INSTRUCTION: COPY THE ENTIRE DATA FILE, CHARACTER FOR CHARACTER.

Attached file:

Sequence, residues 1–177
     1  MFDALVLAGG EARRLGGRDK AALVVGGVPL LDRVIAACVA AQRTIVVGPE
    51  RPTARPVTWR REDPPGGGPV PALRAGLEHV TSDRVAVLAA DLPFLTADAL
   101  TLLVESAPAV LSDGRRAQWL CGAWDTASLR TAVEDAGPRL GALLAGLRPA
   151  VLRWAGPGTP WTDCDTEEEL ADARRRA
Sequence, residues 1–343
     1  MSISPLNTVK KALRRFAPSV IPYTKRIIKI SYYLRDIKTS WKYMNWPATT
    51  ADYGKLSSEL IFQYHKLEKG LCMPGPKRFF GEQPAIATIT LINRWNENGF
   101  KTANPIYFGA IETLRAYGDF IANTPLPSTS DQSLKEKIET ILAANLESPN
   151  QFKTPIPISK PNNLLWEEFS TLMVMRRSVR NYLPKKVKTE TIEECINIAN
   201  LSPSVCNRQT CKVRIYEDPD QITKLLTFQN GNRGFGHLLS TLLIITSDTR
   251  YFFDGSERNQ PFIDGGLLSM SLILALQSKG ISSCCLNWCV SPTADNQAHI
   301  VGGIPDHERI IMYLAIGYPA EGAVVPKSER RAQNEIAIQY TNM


Sequence, residues 1–177
     1  MFDALVLAGG EARRLGGRDK AALVVGGVPL LDRVIAACVA AQRTIVVGPE
    51  RPTARPVTWR REDPPGGGPV PALRAGLEHV TSDRVAVLAA DLPFLTADAL
   101  TLLVESAPAV LSDGRRAQWL CGAWDTASLR TAVEDAGPRL GALLAGLRPA
   151  VLRWAGPGTP WTDCDTEEEL ADARRRA
Sequence, residues 1–343
     1  MSISPLNTVK KALRRFAPSV IPYTKRIIKI SYYLRDIKTS WKYMNWPATT
    51  ADYGKLSSEL IFQYHKLEKG LCMPGPKRFF GEQPAIATIT LINRWNENGF
   101  KTANPIYFGA IETLRAYGDF IANTPLPSTS DQSLKEKIET ILAANLESPN
   151  QFKTPIPISK PNNLLWEEFS TLMVMRRSVR NYLPKKVKTE TIEECINIAN
   201  LSPSVCNRQT CKVRIYEDPD QITKLLTFQN GNRGFGHLLS TLLIITSDTR
   251  YFFDGSERNQ PFIDGGLLSM SLILALQSKG ISSCCLNWCV SPTADNQAHI
   301  VGGIPDHERI IMYLAIGYPA EGAVVPKSER RAQNEIAIQY TNM